Monday, 5 January 2015

The Bottle of Milk Delusion - Why Prayers Always Work.

I don't claim original authorship of the argument here, but I think it's worth a little elaboration. I'm assuming, by the way, that an Islamic argument to prove Allah always answers prayer would be very similar if not identical. Indeed, there doesn't appear to be any other possibility for what could happen as a result of prayer.

No doubt some Christians will argue that there are more ways that their god answers prayers, such as the five here, where there are three yesses (somethining else happens; something happens and them something else happens; the thing happens) or the four here ("I can't hear you!" although how that differs from "No", and how the faithful tell the difference is beyond me). I wish they would make their mind up. Perhaps they are talking about different gods.

But in any case, all of these can be arbitrarily ascribed to a bottle of milk too, or any other object, animate or inanimate, animal vegetable or mineral or any combination of those for that matter.

Now, I daresay every Christian and Moslem will see the good sense of all this when ascribed to their particular god as its response to their particular prayers, so what's wrong with the logic when we ascribe it to a bottle of milk, when the outcome is identical and indistinguishable?

But more to the point, maybe, if theist can't point to a fault in the 'proof' of the effectiveness of prayer to a bottle of milk, how can we tell if their prayers to their particular god are effective and not the mere arbitrary, retrospective assignation of cause to effect?

In other words, why do prayers to an invisible god validate that god's power and existence when prayers to a bottle of milk don't validate the bottle of milk's powers? We know it exists, by the way, because we can take it out of the fridge and look at it, unlike gods.

What we're seeing of course is confirmation bias. Theists need to ascribe cause of random events and even non-random ones, to their god to 'confirm' to themselves that their sacred conclusion was correct all along. At the same time, many of them will decry material evidence as inferior to faith whilst desperately clinging to any material 'evidence' they can convince themselves supports them.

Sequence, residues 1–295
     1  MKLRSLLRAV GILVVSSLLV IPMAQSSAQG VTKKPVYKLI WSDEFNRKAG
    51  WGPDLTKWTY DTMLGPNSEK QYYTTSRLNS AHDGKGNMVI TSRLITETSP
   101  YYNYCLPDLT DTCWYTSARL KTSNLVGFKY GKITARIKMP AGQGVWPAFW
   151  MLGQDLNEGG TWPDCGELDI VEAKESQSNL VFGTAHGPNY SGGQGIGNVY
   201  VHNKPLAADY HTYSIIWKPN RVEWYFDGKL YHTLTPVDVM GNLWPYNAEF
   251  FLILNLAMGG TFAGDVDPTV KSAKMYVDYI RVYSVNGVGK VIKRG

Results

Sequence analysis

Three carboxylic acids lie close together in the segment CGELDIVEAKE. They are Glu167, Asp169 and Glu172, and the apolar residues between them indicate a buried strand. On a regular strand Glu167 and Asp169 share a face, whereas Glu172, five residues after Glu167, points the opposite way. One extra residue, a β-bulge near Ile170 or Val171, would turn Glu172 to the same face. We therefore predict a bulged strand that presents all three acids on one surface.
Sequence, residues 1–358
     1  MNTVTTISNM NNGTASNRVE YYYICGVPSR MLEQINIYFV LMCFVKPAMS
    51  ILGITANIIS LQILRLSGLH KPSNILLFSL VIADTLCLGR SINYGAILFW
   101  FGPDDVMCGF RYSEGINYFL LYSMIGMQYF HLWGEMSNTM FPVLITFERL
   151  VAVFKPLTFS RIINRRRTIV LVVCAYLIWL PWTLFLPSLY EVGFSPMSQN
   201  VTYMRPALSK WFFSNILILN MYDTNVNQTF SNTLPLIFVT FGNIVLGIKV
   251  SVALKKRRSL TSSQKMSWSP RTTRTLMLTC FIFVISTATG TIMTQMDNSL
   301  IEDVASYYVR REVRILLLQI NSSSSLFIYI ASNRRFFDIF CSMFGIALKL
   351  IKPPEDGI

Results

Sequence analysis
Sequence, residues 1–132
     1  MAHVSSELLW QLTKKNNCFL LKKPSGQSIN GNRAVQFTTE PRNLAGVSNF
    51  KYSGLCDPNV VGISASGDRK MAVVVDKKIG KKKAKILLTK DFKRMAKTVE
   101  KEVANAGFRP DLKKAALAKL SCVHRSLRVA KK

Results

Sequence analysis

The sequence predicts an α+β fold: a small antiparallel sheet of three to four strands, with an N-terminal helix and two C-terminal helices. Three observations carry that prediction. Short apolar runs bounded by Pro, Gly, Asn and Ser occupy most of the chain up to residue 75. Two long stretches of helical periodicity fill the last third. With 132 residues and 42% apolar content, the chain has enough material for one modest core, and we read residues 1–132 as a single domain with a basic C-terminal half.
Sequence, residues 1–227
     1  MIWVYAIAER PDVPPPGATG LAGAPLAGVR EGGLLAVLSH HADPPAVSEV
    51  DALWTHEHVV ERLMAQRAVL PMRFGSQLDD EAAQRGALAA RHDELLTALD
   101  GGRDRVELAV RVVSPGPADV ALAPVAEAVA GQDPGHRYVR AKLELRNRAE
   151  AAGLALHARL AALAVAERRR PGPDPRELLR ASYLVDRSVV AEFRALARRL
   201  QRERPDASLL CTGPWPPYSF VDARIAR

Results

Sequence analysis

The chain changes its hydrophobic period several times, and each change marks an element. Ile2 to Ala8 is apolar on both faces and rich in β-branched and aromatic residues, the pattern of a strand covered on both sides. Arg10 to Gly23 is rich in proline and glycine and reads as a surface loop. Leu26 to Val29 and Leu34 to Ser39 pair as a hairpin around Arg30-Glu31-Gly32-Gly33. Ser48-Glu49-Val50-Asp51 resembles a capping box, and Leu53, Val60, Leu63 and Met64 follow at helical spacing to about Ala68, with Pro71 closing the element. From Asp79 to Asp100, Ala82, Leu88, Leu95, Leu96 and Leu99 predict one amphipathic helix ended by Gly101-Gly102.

The delusional power of religion is such that religious people even pride themselves on their ability to fool themselves with this sort of 'proof' and gather together in self-referencing mutual support groups to keep reinforcing their prejudice and shutting out doubts.

I'll bet there will be very few Christians or Muslims who read this and who realise they can't tell the difference in outcome between praying to their god and praying to a bottle of milk, who will change their minds about the effectiveness of praying to their god and the uselessness of praying to a bottle of milk. It obviously takes more than stark-staringly obvious logic to shake the firm convictions of a willingly self-deluded theist.





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3 comments :

  1. These three answers are not regarded as 'proof' that prayer works. They are an attempt to reconcile unanswered prayer. That is the pin to the balloon of this article.

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    Replies
    1. No Richard.

      The fact that one of the three scenarios deals with the prayed for thing happening refutes your argument.

      If you can think of other possible outcomes, rather than a mere subset of one of these three, then please feel free to list them here.

      Please also explain why they couldn't equally be ascribed to a bottle of milk if that were the object prayed to.

      Delete
  2. The common mistake that people make is talking about God 'answering' prayer. In the gospel of Matthew it is clearly stated by Jesus, "Ask and you shall receive. Knock and it shall be opened to you." That sounds like a commitment from God, doesn't it? No weasling about with the 'answering' bit. Just a straight promise. Now we just have to wonder when will God keep his promise.

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